Theater companies are fond of selecting Oscar Wilde's "The Importance of Being Earnest" because it reads so well.
It's overflowing with clever twists of dialogue and wicked epigrams that skewer many of society's institutions. The play exposes the folly of human pretension and remains biting and relevant 109 years after it premiered in London. But frequently theater companies discover the hard way that one cannot actually become earnest in the presentation or it rapidly becomes ponderous.
After all, what does "earnest" mean? Intense, serious, grave. Without a light touch, without a tongue-in-cheek sensibility, Wilde's droll remarks are drained of their value and the play is forced to rely on its ridiculous plot, intended to serve only as a convenient medium for the wordplay.
The Virginia Shakespeare Company has avoided that trap, as director Kerrie Seymour deftly keeps a light touch and combines the troupe's trademark physical approach to comedy with Wilde's banter.
The improbable plot highlights the courtship methods of two society bachelors in the 1890s, Jack Worthing (John Stone) and Algernon Moncrieff (Timothy Shaw), a stand-in for Wilde. To facilitate entertaining themselves away from home, the playboys create fictional characters to explain their absences.
Jack meets fair Gwendolen (Cristina Blanco), daughter of the formidable Lady Bracknell (Lisa Ricciardi-Thompson), introducing himself as his alter-ego Ernest. Algernon pretends to be Jack's fictitious brother, also named Ernest, as he woos Cecily (Brittney K. Sweeney). Coincidently, both young ladies insist that they would marry only someone named Ernest, leading the duplicitous men to arrange to be christened with that name. A subplot reveals that Jack was an orphan, left in a handbag at Victoria Station as a baby, making him an unsuitable suitor in Lady Bracknell's eyes.
The cast approaches the occasionally ornate language with a modern, playful sensibility, particularly in the case of Shaw, who is continually unleashing Wilde's pithy observations, including, "In married life, three is company and two is none."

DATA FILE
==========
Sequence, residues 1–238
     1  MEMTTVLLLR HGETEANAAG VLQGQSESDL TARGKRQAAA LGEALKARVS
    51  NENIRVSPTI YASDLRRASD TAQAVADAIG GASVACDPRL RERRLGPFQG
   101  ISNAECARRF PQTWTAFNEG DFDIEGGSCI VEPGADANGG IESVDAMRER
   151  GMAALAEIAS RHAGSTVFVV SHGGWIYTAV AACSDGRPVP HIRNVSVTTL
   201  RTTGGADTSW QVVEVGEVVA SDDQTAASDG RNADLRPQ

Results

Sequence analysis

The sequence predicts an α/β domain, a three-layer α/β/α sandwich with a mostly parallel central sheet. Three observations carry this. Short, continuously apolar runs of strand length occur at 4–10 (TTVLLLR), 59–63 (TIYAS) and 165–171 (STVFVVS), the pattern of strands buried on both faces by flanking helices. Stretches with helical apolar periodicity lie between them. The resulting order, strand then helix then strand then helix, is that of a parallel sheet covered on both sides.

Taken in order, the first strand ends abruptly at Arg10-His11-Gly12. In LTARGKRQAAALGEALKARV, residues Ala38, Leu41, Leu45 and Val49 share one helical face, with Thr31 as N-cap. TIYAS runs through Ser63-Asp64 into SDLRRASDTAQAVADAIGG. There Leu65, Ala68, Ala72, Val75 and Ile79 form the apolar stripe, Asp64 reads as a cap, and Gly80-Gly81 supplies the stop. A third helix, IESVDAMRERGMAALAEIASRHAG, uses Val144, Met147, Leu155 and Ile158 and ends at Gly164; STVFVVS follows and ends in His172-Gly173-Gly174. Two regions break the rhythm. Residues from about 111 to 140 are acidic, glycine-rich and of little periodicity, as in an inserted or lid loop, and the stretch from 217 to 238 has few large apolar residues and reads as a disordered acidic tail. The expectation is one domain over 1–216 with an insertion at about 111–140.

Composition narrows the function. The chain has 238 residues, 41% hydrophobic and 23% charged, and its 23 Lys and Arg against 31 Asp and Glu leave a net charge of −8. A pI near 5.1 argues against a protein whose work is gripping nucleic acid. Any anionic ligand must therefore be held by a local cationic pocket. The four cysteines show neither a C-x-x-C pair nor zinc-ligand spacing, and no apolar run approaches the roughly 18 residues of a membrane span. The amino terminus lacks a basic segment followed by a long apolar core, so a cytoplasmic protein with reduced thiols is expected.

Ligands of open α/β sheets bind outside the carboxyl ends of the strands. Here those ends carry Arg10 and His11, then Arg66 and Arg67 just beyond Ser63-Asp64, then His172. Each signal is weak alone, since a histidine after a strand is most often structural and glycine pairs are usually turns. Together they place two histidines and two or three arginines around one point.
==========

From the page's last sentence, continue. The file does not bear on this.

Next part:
Stone allows Jack/Ernest to become increasingly tightly wound as the plot grows more entangled, a nice counterpoint to Shaw's nonchalant Algernon/Ernest. Sweeney alternates between an exaggerated comic pout and unrestrained enthusiasm. Ricciardi-Thompson's Lady Bracknell bulldozes her way over everyone onstage, launching verbal broadsides. (To Jack: "To lose one parent is understandable; to lose both looks like carelessness.")
A more subtle delight is watching Susan Ross's face. This marvelous character actor utilizes a collection of grimaces, sly looks and feigned innocence as Miss Prism, Cecily's governess.
The most enjoyable moments come when only two characters are onstage, engaging in verbal jousting, such as the first act, when Jack and Algernon converse, and much later, when Cecily and Gwendolen face off. The middle act always tends to be a bit slow, as Wilde delves a bit too much into the complicated plot before returning to his main function of exposing hypocrisy.
Oddly, the theater company has skimped on scenic design, playing the action against black curtains with only a few movable set pieces. That move diminishes the sense of the ornate society from which Wilde was attempting to strip the facade. Plus, it is boring. Even a rug might be nice, although the playwright has already given the actors much to stand on.
"The Importance of Being Earnest" will be performed through June 26 by the Virginia Shakespeare Company at the Cramer Center, 9008 Center St., Manassas. Showtime Fridays and Saturdays is 8 p.m., with Sunday matinees at 2 p.m. For tickets, call 800-955-5566 or visit www.tickets.com. For more information, go to www.vashakes.org.